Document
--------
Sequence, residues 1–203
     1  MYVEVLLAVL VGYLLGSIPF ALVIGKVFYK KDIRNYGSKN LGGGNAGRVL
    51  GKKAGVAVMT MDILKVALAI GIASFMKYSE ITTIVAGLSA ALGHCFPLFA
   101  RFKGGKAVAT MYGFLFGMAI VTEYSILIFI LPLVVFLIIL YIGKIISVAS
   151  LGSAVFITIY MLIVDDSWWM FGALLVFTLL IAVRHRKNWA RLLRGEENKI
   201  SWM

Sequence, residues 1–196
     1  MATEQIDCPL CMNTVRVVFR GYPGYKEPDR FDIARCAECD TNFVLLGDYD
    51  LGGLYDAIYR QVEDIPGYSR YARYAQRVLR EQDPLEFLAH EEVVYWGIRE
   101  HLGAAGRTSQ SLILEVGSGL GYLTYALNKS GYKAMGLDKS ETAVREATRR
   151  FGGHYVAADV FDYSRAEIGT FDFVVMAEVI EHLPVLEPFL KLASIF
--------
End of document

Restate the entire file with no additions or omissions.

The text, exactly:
Sequence, residues 1–203
     1  MYVEVLLAVL VGYLLGSIPF ALVIGKVFYK KDIRNYGSKN LGGGNAGRVL
    51  GKKAGVAVMT MDILKVALAI GIASFMKYSE ITTIVAGLSA ALGHCFPLFA
   101  RFKGGKAVAT MYGFLFGMAI VTEYSILIFI LPLVVFLIIL YIGKIISVAS
   151  LGSAVFITIY MLIVDDSWWM FGALLVFTLL IAVRHRKNWA RLLRGEENKI
   201  SWM

Sequence, residues 1–196
     1  MATEQIDCPL CMNTVRVVFR GYPGYKEPDR FDIARCAECD TNFVLLGDYD
    51  LGGLYDAIYR QVEDIPGYSR YARYAQRVLR EQDPLEFLAH EEVVYWGIRE
   101  HLGAAGRTSQ SLILEVGSGL GYLTYALNKS GYKAMGLDKS ETAVREATRR
   151  FGGHYVAADV FDYSRAEIGT FDFVVMAEVI EHLPVLEPFL KLASIF